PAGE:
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SUNY Oneonta welcomes students back to campus

SUNY Oneonta students will be starting classes soon, and the requirements for getting on campus are a little different than what you’re seeing at many colleges in the area.

Posted: Aug 19, 2020 6:08 PM
Updated: Aug 19, 2020 6:28 PM

Students at SUNY Oneonta are in the process of moving onto campus, but they’re not going through the typical COVID testing that many area colleges are requiring. Before entering campus, the students are required to sign and acknowledge a document called Actions for Safety, which outlines the campus’s expectations with respect to COVID.

Lachlan Squair is the Chief Facilities Planning and Safety Officer here at SUNY Oneonta. He talked about the colleges plan, and at first you may be a little shocked.

"Our plan doesn’t require entry testing for COVID. Our plan involves testing of students when students go to the health center if they’re symptomatic their tested. We have COVID testing at the health center."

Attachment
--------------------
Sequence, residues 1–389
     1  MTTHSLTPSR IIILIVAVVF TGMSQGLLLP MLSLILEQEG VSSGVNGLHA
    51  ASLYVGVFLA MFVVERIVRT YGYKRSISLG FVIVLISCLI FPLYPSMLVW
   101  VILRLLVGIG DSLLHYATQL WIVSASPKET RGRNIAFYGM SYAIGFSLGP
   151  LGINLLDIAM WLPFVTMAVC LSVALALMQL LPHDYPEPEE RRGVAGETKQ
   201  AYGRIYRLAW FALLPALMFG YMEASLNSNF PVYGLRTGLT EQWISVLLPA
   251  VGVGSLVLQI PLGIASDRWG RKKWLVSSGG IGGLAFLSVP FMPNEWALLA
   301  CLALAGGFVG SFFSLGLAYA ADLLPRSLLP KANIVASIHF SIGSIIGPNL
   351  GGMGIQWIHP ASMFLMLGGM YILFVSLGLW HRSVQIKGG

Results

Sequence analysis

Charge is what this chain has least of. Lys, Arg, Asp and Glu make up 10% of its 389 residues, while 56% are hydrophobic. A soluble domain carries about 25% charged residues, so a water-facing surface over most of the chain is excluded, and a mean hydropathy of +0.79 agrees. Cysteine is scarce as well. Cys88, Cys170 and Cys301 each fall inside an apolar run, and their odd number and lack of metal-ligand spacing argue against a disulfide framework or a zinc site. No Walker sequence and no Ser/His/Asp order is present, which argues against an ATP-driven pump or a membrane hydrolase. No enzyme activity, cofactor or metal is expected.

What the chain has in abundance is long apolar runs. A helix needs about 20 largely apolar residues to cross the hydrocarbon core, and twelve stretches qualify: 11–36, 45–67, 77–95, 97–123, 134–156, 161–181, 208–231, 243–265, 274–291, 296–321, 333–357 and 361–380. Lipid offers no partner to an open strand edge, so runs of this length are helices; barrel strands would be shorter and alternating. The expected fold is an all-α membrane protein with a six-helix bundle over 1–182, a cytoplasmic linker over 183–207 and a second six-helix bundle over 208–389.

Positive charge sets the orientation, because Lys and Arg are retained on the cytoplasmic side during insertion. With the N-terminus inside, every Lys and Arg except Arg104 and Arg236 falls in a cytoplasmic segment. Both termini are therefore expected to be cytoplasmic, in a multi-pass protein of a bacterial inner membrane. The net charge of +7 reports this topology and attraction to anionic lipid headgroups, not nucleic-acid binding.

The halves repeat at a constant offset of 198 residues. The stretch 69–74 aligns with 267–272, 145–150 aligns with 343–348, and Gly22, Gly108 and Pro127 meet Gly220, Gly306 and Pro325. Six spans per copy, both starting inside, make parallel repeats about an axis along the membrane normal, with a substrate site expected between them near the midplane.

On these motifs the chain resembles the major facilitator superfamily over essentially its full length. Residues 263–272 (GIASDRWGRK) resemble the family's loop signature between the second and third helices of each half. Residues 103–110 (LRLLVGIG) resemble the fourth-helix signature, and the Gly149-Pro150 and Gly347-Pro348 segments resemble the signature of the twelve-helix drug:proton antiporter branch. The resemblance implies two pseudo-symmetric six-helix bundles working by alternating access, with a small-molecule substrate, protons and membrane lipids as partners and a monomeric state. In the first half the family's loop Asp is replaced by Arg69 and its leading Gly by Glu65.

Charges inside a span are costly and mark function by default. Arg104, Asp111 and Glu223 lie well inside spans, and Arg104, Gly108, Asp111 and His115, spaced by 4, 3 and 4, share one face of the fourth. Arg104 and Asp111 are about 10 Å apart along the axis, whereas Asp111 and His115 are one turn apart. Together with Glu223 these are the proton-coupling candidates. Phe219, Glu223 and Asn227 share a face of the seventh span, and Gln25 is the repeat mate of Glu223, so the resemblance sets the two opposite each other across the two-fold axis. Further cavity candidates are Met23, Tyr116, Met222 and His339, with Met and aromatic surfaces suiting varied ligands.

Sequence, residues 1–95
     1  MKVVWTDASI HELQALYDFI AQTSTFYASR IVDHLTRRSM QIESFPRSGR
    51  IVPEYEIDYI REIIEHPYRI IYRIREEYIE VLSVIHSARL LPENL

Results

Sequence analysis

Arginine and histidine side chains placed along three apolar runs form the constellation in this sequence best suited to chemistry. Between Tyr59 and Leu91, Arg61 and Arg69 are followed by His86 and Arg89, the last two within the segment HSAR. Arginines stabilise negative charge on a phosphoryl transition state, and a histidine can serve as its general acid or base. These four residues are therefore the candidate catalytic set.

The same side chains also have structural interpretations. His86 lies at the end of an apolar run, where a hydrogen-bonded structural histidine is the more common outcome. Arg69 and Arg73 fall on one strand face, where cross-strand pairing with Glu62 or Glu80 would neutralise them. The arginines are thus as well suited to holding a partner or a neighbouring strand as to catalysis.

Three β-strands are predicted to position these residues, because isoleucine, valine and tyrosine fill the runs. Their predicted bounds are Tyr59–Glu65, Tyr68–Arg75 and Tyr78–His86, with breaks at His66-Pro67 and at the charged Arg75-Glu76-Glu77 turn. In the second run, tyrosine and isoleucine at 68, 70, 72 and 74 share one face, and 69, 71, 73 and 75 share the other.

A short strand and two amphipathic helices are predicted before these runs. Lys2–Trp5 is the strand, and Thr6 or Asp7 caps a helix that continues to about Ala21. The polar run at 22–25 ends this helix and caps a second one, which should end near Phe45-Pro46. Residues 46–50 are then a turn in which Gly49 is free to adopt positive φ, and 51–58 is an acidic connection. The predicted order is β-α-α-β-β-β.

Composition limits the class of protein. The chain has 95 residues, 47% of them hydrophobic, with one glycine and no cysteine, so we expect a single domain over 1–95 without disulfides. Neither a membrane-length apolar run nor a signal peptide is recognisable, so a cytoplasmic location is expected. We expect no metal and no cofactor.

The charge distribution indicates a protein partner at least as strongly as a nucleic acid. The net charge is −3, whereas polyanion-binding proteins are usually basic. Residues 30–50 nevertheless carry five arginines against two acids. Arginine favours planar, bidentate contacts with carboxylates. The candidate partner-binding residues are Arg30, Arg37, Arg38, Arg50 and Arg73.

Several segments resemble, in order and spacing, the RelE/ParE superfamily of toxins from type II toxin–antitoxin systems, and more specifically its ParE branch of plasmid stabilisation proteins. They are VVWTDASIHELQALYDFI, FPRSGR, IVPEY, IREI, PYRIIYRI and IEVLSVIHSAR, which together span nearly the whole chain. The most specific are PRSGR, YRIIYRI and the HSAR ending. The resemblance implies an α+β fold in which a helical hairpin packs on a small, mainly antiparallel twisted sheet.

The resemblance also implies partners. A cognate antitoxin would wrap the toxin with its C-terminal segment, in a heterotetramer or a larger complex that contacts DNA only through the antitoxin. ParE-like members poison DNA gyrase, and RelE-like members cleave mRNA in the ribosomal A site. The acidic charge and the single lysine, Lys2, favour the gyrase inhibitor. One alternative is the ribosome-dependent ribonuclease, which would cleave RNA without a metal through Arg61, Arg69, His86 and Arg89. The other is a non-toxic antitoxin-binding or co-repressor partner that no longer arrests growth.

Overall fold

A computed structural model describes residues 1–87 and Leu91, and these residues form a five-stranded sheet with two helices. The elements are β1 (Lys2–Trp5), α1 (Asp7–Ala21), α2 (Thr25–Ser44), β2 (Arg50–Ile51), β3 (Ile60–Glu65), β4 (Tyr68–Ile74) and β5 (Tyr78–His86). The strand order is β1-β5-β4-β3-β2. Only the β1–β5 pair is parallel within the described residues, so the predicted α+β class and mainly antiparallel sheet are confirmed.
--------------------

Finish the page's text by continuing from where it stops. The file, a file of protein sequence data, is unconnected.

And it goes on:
The college isn’t necessarily waiting for someone to become symptomatic before taking action. In fact you might say their plans for fighting COVID cases are literally going right down the drain.

There's tube coming from the sewer that draws waste water to a waste water sampling machine. There are 3 machines on campus. The waste water is then sent on to a lab that determines the amount of COVID that may be present on campus. Lachlan explains how this new technology may prove to be better than traditional testing.

"They start to shed the virus in their waste from day 1. So actually the waste water testing is a very good early warning system. You know we can see an increase in COVID cases before they become symptomatic or even before they’re able to test positive on some of the other tests that are available."

If COVID is detected in the waste water, the college can then determine which section of the campus the disease is present.

'If that test result came back positive in that particular pool, we would need to revert back and do additional testing to identify which of those members were actually of the pool were positive."

The testing is believed to be a more efficient way of monitoring the entire campus without the need for individual testing.

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